PATIENTS who tested positive for Covid-19 undergo tests and treatment in order for them to recover. In cases when they are temporarily unable to speak because of factors hindering them to do so, there are materials that come in handy for better communication between the patient and the medical team.
On March 28, non-stock, non-profit organization Philippine Association of Speech Pathologists (Pasp), through its Augmentative and Alternative Communication Special Interest Group (AAC-SIG), released Augmentative and Alternative Communication (AAC) tools called Communication Boards kits. These were made accessible through its website and Facebook page.
On March 29, a Cebuano version was created by the Speech-Language Pathologists of Cebu (SOC), which were uploaded on Pasp’s website.
“Being the only two members of the Pasp AAC-SIG here in Cebu, Bea Marize Abella, CSP-PASP and I contacted other Cebu-based SLPs to help translate the Covid-19 boards so these can be useful in the Cebuano context,” said Viannery Dy Mabag, CSP-PASP.
By early April, these kits were distributed to different hospitals in Manila by their colleagues, with cities like Davao and Iloilo following suit.
Mabag together with Michiko Francey Yap, CSP-Pasp; Germaine Danica Lim, CSP-Pasp; and April Clarice Espina, CSP-Pasp, worked on the production and distribution of the Covid-19 boards to different hospitals in Cebu, with the first distribution taking place last April 7 at UCMed.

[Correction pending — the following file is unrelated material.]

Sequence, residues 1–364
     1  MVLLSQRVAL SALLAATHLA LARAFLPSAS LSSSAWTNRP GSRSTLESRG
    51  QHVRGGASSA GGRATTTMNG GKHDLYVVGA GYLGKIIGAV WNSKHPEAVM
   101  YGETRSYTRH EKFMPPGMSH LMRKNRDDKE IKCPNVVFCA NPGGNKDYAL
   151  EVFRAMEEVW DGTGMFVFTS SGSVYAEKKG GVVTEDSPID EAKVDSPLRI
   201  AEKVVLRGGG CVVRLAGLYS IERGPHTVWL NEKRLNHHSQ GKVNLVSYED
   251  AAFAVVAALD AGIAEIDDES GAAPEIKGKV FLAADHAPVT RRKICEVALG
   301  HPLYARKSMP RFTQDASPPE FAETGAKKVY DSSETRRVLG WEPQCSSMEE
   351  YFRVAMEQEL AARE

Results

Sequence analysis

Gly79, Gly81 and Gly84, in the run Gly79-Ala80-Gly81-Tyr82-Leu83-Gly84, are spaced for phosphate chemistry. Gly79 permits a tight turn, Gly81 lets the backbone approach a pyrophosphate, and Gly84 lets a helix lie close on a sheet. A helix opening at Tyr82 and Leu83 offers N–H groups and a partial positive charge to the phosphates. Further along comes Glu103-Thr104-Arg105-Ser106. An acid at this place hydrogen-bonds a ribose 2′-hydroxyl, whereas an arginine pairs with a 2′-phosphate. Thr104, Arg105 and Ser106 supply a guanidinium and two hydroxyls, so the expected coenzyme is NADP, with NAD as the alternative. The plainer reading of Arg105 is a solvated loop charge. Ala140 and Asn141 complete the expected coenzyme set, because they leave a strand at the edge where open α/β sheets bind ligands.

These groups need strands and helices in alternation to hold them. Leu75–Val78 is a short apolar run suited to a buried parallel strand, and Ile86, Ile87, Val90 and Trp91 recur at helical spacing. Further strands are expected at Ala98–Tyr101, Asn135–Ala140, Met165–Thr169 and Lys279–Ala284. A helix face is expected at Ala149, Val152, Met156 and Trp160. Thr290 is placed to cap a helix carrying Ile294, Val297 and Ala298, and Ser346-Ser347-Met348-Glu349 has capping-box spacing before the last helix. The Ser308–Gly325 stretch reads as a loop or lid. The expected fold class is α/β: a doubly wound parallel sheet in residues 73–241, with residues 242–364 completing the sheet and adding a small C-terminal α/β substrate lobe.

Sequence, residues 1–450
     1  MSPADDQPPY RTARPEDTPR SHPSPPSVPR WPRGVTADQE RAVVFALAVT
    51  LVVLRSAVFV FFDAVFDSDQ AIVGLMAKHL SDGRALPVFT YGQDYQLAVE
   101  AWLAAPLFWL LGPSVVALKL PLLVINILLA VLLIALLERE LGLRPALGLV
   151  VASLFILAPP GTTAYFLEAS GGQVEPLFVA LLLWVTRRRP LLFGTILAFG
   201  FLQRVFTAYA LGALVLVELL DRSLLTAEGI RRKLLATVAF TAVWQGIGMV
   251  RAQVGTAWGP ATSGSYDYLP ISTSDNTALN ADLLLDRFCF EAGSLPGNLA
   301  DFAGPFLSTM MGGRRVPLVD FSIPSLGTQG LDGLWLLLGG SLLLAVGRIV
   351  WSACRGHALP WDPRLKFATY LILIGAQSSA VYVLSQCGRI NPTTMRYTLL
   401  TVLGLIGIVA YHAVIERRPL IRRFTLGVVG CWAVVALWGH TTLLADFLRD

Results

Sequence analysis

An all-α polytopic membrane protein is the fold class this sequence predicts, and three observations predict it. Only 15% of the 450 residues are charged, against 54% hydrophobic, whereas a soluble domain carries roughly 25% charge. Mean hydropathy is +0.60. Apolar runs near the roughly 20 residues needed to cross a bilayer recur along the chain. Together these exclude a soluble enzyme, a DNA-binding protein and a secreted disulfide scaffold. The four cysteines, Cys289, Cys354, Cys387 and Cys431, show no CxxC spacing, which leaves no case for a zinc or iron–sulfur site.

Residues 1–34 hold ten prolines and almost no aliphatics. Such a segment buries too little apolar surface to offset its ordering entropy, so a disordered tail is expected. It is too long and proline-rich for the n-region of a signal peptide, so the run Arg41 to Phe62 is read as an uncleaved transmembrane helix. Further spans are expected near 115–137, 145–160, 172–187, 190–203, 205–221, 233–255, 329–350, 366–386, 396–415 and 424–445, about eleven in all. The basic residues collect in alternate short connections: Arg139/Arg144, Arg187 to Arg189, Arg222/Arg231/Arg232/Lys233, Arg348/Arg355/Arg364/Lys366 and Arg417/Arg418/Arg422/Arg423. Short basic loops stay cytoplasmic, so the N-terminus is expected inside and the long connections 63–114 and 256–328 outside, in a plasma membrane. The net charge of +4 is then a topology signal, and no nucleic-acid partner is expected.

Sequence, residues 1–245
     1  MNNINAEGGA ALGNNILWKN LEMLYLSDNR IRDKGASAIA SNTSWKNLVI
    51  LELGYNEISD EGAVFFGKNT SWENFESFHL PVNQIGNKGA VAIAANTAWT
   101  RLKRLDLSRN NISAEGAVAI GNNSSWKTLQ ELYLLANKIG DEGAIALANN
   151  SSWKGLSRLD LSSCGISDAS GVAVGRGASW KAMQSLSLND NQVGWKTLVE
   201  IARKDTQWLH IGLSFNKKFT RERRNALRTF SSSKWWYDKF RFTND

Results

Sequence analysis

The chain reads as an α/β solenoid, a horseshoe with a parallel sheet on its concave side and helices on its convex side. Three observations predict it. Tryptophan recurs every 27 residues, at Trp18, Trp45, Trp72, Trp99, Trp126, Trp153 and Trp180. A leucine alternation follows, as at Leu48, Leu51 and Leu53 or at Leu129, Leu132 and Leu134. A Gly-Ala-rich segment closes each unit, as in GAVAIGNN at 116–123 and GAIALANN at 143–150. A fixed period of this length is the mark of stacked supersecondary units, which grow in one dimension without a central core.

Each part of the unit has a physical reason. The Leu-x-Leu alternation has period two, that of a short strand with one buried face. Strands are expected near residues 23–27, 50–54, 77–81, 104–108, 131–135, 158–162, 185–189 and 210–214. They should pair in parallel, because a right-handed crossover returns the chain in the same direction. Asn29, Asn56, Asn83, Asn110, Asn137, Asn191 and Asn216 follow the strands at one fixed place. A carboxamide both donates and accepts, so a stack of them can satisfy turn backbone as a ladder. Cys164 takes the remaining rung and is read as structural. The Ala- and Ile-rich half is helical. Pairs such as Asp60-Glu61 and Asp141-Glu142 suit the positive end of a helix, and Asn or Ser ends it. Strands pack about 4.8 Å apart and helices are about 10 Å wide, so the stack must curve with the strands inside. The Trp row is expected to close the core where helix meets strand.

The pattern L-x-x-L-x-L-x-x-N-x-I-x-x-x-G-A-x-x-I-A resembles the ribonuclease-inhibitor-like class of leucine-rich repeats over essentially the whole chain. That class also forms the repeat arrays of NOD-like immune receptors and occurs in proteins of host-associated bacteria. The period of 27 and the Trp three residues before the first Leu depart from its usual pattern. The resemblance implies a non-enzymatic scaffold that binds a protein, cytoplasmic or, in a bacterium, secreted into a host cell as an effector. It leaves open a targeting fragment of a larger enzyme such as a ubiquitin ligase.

“Most of the patients with Covid-19 typically do not have communication problems and are able to talk to their doctors and nurses when they’re hospitalized. However, when they start to get intubated, put on ventilators, or have respiratory distress, they will temporarily be unable to speak. These can cause difficulties in communicating their wants and needs and even responding to healthcare providers assisting them,” said Mabag.
“Pasp, our mother organization along with its AAC-SIG, saw this as an opportunity to help out. As the primary healthcare workers who champion for efficient communication, Pasp AAC-SIG aimed to use its knowledge on AAC to help out the patients in intensive care and the frontliners communicate more efficiently. SOC, on a more specific context, aimed to be essential pandemic supporters to our frontliners.”
The AAC tools comes in different systems: No-tech systems which utilize the body without external support like gestures, sign language or facial expressions; Low-tech systems in the form of simple battery-operated tools, pen and paper, picture cards and communication boards (which Covid-19 patients are provided with); and High-tech systems like tablets.
Presently, the Covid-19 Communication Boards come in different languages including Hiligaynon, Waray and Kapampangan. Each kit contains simple instructions that anyone can use. A kit contains 10 boards with icons and messages which patients can point to as a way to communicate their concerns. As of April 29, they distributed a total of 115 kits to 11 hospitals in Cebu with a few more hospitals or Covid-19 facilities on their list awaiting distribution.
Speech and language services are tools used to aid its patients in improving one’s communication skills through verbal and non-verbal ways. In line with combating the Covid-19 virus, they hope to lessen the patient’s feeling of isolation, establish a sense of togetherness and most importantly, provide easy-to-use materials to convey their concerns with less difficulty through their efforts.